The New Yorker’s Adam Entous published a bombshell report Monday chronicling, among other things, Israel’s recent outreach to Gulf Arab states to work together in countering Iranian influence in the region and to kill the Obama-era Iran nuclear deal.
Entous reports that “U.S. intelligence agencies learned of phone calls between senior United Arab Emirates and Israeli officials, including calls between a senior Emirati leader and Israeli Prime Minister Netanyahu.”
He added that Hillary Clinton, both as Obama’s secretary of state and as a presidential candidate, “knew that the UAE and Saudi Arabia were already working together behind the scenes with Mossad to counter Iranian influence.”
Entous reveals that U.S. intelligence agencies “picked up on a secret meeting between senior UAE and Israeli leaders in Cyprus.” UAE does not officially have diplomatic relations with Israel.
U.S. officials apparently suspected that Netanyahu himself attended the meeting, which centered on countering Obama’s Iran deal. However, the Obama administration was never told of the meeting and both sides continue to deny it ever it happened.
It was revealed in mid-May that Netanyahu met in March 2018 with a senior diplomat from the UAE.
According to a report by the Associated Press, Netanyahu met the UAE's ambassador to Washington, Yousef al Otaiba, during his visit to the American capital two months ago.
The report stated that during Netanyahu's three-day visit to Washington, he had dinner at a restaurant where Otaiba was also present with a group. The Emirati ambassador, considered one of the most influential foreign emissaries in Washington, was made aware of Netanyahu's presence and invited him and his wife, Sara, to join his table.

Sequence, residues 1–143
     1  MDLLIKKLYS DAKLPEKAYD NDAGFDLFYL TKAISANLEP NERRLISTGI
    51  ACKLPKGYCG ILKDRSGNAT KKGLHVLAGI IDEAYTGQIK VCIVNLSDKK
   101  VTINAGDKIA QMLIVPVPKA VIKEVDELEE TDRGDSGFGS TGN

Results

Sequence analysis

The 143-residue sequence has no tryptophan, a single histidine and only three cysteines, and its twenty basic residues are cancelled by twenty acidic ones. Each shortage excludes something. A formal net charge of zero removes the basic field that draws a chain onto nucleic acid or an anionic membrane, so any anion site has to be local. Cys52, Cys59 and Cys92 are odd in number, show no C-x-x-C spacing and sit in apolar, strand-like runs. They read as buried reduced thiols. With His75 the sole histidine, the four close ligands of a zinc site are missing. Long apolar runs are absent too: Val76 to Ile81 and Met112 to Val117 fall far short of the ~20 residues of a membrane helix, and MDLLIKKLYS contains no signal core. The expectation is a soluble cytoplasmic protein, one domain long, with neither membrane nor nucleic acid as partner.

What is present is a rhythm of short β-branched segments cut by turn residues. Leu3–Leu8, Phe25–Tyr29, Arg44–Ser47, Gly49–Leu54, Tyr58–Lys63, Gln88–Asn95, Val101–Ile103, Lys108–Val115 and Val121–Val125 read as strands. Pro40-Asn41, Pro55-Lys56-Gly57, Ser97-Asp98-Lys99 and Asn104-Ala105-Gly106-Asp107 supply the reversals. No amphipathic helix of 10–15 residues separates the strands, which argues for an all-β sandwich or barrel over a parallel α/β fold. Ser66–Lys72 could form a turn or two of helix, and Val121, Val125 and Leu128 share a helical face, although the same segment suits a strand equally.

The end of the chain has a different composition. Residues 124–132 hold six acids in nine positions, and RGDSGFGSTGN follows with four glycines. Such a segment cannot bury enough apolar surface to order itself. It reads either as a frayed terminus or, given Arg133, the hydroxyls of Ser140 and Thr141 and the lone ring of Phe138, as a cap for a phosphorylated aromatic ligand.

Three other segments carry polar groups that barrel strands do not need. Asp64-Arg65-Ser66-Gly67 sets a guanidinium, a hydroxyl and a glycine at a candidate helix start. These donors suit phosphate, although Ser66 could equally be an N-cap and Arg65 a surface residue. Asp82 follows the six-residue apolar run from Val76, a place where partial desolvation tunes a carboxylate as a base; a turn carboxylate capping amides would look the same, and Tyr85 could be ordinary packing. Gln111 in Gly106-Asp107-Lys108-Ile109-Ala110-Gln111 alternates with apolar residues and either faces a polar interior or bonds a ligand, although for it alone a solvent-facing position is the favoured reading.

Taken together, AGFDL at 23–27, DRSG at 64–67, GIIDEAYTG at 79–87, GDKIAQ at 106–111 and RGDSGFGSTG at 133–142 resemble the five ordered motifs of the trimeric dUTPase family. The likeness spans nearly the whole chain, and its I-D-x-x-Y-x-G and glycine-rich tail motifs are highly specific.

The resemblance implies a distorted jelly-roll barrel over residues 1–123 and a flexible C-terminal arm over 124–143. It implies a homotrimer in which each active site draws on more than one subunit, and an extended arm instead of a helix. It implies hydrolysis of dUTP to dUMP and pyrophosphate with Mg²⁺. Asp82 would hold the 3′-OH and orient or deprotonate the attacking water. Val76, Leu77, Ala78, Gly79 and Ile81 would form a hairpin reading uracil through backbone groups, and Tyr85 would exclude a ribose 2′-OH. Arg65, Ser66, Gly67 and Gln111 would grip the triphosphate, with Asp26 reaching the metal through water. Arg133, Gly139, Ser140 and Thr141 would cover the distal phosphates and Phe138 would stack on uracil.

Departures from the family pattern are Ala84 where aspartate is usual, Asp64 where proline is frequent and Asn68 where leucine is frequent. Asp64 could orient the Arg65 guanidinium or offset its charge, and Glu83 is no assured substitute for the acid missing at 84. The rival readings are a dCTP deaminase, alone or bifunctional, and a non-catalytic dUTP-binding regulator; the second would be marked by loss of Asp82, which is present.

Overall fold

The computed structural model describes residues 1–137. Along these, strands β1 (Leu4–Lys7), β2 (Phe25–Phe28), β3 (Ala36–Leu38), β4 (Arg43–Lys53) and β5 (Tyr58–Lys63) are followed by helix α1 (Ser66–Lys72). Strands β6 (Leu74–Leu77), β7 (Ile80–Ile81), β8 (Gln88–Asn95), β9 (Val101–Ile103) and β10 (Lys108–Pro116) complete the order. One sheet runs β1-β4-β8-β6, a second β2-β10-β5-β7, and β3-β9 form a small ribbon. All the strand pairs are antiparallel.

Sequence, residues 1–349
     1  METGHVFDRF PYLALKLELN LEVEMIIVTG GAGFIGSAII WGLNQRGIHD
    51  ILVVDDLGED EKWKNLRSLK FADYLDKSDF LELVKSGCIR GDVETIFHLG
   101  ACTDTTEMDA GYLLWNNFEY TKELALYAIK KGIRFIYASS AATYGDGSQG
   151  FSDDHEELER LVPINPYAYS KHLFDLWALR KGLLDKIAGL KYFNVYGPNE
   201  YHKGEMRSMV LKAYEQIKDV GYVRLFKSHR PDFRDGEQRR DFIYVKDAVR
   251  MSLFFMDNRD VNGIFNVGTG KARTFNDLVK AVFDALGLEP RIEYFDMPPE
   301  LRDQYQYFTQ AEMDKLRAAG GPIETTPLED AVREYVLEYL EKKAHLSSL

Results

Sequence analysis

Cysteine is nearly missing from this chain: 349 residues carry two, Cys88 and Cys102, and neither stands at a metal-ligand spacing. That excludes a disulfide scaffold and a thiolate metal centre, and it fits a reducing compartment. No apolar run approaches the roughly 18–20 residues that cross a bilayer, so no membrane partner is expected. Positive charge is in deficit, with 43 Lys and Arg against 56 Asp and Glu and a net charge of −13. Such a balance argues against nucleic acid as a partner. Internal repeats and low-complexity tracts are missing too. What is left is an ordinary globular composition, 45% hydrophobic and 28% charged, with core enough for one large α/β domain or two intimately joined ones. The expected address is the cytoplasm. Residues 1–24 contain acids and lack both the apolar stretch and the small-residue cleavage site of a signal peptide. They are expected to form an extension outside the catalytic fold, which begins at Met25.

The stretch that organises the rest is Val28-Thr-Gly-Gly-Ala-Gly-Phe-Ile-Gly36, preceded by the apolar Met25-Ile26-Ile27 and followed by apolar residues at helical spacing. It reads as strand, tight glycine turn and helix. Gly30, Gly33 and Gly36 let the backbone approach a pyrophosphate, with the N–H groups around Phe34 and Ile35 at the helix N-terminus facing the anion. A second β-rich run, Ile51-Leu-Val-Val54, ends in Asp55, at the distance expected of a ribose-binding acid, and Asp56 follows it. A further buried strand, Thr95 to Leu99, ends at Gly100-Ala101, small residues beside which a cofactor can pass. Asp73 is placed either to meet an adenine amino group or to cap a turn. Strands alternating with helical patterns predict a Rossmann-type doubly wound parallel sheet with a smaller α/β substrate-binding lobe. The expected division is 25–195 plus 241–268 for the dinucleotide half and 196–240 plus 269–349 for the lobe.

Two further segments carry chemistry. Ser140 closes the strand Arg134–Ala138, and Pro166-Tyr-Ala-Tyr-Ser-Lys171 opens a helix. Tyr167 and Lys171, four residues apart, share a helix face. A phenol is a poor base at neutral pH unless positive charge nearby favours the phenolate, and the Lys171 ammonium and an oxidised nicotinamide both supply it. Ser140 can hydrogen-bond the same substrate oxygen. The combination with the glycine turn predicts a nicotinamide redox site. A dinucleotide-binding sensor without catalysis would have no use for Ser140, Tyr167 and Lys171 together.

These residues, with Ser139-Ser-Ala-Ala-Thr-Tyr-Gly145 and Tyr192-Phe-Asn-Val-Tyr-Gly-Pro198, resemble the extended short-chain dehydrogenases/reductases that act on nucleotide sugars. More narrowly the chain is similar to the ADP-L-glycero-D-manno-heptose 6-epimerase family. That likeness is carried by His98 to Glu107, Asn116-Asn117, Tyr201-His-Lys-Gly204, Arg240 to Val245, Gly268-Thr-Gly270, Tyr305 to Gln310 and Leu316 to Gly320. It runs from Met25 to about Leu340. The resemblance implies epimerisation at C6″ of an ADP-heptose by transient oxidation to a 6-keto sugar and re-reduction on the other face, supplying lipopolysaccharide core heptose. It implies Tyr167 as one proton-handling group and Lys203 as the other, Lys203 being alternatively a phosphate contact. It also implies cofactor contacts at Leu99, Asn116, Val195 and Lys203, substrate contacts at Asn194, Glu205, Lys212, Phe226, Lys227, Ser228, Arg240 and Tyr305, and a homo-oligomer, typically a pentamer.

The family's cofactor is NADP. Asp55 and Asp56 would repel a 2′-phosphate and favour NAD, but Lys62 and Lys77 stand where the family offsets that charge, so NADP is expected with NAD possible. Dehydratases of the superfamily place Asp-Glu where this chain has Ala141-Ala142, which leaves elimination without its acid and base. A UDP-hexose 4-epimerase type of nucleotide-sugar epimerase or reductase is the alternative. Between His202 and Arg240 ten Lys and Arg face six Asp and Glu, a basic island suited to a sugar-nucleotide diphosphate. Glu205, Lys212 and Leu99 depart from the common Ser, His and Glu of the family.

According to the report, Netanyahu joined the ambassador's table, answered some policy questions and shook hands with Otaiba before departing.
The Prime Minister's Office in Jerusalem has yet to respond to the report.
Although the two countries do not have diplomatic relations, they do hold similar views of Iran and were two of the harshest critics of the nuclear deal that U.S. President Donald Trump withdrew from earlier this week.
In the past, it has been reported that Otaiba enjoys a friendly relationship with Israel's ambassador to Washington, Ron Dermer. Dermer even invited Otaiba to attend Netanyahu’s controversial speech to the U.S. Congress in March 2015 against the Iranian nuclear deal, but Otaiba politely declined, the Huffington Post reported.
In July 2017, Haaretz's Barak Ravid revealed that Netanyahu secretly met with Otaiba and the UAE's foreign minister, Sheikh Abdullah bin Zayed Al Nahyan, at the prime minister's hotel room in New York in 2012.
While Netanyahu and Nahyan saw eye to eye on the Iranian nuclear issue, the foreign minister told Netanyahu his country could not warm up its relations with Israel as long as there was no progress in the peace process with the Palestinians, said two senior Western diplomats who asked to remain anonymous because of the sensitivity of the matter.
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